: trattative per area di libero scambio
Sono state ufficialmente avviate le trattative per creare la più grande area mondiale di libero scambio: Cina e l’Associazione delle Nazioni del Sudest Asiatico (ASEAN) contano una popolazione di 1,7 miliardi, un prodotto interno lordo di U$2000 miliardi e flussi commerciali per U$1200 miliardi.
La notizia completa da China Daily:
Chinese trade officials and experts expect rocky negotiations on establishing a free trade area between China and the Association of Southeast Asian Nations (ASEAN).
But they expect the negotiations will go on to achieve the goal no matter what happens, bolstered by political support and strong anticipated economic benefits.
The decision of China and ASEAN to establish the free trade area is “the natural result of our ever-strengthening bilateral economic and trade relations,” said Long Yongtu, vice-minister of foreign trade and economic co-operation, yesterday.
He told the opening ceremony of the third China-ASEAN Senior Economic Officials’ Meeting in Beijing: “It is a wise policy choice of the two sides against the general background of economic globalization and regional economic integration.
“It is an active attempt to strengthen co-operation among developing countries.”
The meeting pre-dates Chinese and ASEAN senior officials’ two-day negotiations on the free trade area.
Long said the trade zone would be the largest of its kind among developing nations and would boast a GDP of US$2 trillion and a total of US$1.2 trillion in annual trade volume.
Bilateral trade between China and ASEAN has quadrupled in the past decade, growing by an average 15 per cent annually since 1995 despite the adverse impact of the 1997 Asian financial crisis.
ASEAN is now China’s fifth largest trading partner and China has risen to sixth in terms of trade volume with ASEAN, according to official statistics.
“On the road towards the free trade area, we will inevitably face the challenges of adjusting the industrial structure, optimizing the division of labour and co-operation, enhancing co-ordination, accommodating different development stages and clearing up scepticism and worries,” Long said.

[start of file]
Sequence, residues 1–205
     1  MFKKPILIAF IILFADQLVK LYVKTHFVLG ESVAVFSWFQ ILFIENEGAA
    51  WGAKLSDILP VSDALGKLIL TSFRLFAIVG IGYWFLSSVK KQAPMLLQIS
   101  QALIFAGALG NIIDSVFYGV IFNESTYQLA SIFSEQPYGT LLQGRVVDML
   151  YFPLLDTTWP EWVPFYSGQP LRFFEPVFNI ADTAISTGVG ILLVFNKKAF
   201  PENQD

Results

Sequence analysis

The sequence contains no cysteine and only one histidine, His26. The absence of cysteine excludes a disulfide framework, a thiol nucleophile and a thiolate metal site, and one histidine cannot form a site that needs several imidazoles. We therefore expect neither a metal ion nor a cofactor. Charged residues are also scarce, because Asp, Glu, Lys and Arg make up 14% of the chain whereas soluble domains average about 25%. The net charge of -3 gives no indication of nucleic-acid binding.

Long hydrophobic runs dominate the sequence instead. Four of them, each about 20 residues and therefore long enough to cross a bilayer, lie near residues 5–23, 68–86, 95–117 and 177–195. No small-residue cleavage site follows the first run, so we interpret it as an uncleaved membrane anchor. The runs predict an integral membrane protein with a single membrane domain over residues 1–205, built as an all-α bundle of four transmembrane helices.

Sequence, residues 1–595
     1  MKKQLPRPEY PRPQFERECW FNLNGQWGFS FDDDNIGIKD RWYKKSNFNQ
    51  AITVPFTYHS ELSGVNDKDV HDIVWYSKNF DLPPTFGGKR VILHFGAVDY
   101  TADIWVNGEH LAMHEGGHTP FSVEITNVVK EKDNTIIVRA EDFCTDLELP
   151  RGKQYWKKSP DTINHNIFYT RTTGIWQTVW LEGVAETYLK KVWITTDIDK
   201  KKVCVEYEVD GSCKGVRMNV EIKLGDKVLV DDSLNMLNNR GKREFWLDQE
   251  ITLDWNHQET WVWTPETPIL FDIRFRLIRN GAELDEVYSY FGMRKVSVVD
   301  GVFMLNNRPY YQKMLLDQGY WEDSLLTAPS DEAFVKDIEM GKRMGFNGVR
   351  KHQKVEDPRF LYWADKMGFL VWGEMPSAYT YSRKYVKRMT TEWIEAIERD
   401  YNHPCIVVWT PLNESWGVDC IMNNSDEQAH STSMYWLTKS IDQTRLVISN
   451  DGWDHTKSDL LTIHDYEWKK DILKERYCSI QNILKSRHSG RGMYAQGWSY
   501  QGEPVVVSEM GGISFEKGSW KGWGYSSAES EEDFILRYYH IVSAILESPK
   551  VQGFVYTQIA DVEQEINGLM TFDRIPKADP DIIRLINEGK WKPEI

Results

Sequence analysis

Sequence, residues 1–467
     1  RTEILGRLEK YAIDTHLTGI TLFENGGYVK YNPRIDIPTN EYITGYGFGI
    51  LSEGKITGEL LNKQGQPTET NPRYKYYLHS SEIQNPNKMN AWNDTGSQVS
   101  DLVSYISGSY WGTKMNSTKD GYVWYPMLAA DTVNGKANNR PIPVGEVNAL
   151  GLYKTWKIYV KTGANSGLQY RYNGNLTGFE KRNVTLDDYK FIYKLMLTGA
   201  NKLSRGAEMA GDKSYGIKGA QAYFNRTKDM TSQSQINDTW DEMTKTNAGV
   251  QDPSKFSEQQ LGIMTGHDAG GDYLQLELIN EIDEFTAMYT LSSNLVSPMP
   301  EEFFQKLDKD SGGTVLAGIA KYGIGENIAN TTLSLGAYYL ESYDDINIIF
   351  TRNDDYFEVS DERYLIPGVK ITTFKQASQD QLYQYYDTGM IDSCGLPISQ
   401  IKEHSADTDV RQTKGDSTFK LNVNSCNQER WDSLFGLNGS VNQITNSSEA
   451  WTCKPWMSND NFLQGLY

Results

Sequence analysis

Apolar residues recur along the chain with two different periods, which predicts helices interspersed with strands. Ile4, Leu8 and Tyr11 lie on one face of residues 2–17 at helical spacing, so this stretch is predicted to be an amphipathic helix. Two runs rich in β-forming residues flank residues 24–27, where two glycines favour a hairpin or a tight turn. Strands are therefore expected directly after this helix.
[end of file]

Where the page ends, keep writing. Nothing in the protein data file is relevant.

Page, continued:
“In the wake of the Asian financial crisis and the slowdown of the Asian and world economy, the necessity and urgency of strengthening economic links between China and ASEAN loom large.
“Our complementarities in resources composition, industrial structure and manufacturing and agricultural products offer us huge potential for broader co-operation.”
Lu Jinyong, a professor with the Beijing-based University of International Business and Economics, told China Daily that China and ASEAN enjoy favourable conditions for establishing a free trade area with adjacent locations, similar cultures, similar economic development levels and friendly political relations.
He said the attraction of China’s potentially huge market, especially after its entry into the World Trade Organization, will outweigh some ASEAN members’ worries about the rapidly growing Chinese economy.
While competing with ASEAN in some labour-intensive manufacturing industries, China has found ASEAN’s resources and raw materials a major allure, Lu said.
Gu Yuanyang, a senior researcher with the World Economics and Politics Institute of the Chinese Academy of Social Sciences, said the formation of a China-ASEAN free trade area also has firm and stable political foundations.
It reflects the political will for building trust and maintaining security in the region, he said.
He said the free trade area is more than tariffs reduction and will include collaborations in such fields as infrastructure, human resources and political relations.